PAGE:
Much of the NBC sequel “Heroes Reborn” is shrouded in secrecy, but one of the few things we do know is that Jack Coleman’s Noah Bennet (aka the Man with the Horn-Rimmed Glasses or simply HRG to fans) is again at the center of it all.
Ahead of the 13-episode miniseries’ two-hour premiere on Sept. 24, Coleman spoke to Variety about returning to HRG, TV reboots and why now is a good time for another look at his much-beloved mid-2000’s TV series.
How did creator Tim Kring approach you about this project?
How it unfolded was a bunch of us were watching the Winter Olympics last year and all of a sudden there was an ad: “Heroes Reborn 2015.” All of a sudden, all of the actors were on this group chat instantly asking if anyone had heard about it. Nobody had. It was a very well-kept secret.
I didn’t know it existed and after awhile I got a call from Tim and he wanted me to come back. He said I think of you of the spine of this whole thing. The character of HRG had always been well-connected.
Where you always meant to be the focus of “Heroes Reborn” or did they go to someone else first?
I think I was one of the first, if not the first. Because I think he knew that this was always the character who was a good entree into these other worlds and these other characters and stories. That’s sort of how HRG functioned in the first go-around.
Did you have to refresh your memory of what happened in “Heroes”?
Not really, but there are moments along the way [where I had to remember what happened]. The stories are all new, but there definitely was some refreshing of some things that were long-gone from my memory.
It was a lot to take on, but the show is so reborn. It is so new. It is “Heroes.” No one’s going to look at it and I go I don’t recognize this show, this world. But with new sets of circumstances and new characters, it’s pretty cool how it’s been rethought.
What do you think about the fact that TV is doing so many reboots, sequels and prequels?
It seems like television is actually a little bit late to this game because they’ve been doing it on Broadway for 20 years now. Everything that’s old is new again.
Movie source material used to be plays or novels and then they became reboots of movies and then they became movies made from television shows or movies made from comics. The source material has been adjusting along the way.
Five years is really a good amount of time, in my opinion, because it’s long enough where the dust has settled, the air has cleared and everyone’s gotten some distance from it. But there’s still a really strong fan base. There always has been. I’m just amazed at how much buzz there is from the far-flung places of the world, for whom “Heroes” never really went away.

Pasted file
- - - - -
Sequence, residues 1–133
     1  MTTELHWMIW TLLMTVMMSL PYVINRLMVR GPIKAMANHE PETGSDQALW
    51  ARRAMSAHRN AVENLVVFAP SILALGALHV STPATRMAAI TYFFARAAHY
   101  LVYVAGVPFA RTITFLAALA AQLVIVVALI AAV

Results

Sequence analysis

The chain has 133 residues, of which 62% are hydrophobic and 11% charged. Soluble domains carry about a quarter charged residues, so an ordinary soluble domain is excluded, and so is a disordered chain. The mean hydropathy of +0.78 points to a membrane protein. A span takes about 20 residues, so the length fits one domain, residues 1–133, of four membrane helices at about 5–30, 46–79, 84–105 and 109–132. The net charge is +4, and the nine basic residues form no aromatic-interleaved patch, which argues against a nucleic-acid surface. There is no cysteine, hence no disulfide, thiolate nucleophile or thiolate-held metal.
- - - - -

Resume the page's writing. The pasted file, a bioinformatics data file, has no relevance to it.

Where you surprised about who they brought back and who they didn’t?
I can tell you who’s been back because they’ve all been announced …
But I feel a tremendous responsibility to this part, to this show, to these fans. There is a weight to bringing back something as opposed to creating something new. This has to live up to something.
Someone asked if we thought this show was redemption. That’s kind of a strong word. This show is going to rise and fall on its own merits even though you can’t deny its connection to the old show.
Well, we have been told that Hayden Panettiere’s character Claire, who was your character’s adopted daughter, is dead.
Claire looms large over all these proceedings. [Her Hero ability of cell regeneration] factors in prominently. I’m not trying to be spoilery, but Claire Bennet is a very important part of this whole storytelling.
When “Heroes” premiered in 2006, the only other superhero show on broadcast was “Smallville.” Now these shows are everywhere. How will “Heroes Reborn” be able to stand out?
The thing I always liked and appreciated about “Heroes” was that it was a drama that had super abilities. I always thought that, when the show was at its best, it was a tale of two families: The Bennets and the Petrellis. I think the show does that well and that’s when it’s in its sweet spot. These powers are very much a part of the entertainment value of the show, but they’re also a metaphor for what it means to be different.
Do you avoid getting horn-rimmed glasses when you go to the optometrist?
Yeah. I can’t really wear horn-rimmed glasses out in the world. It’s kind of like wearing a giant cast jacket in a public place. Like please, somebody notice me.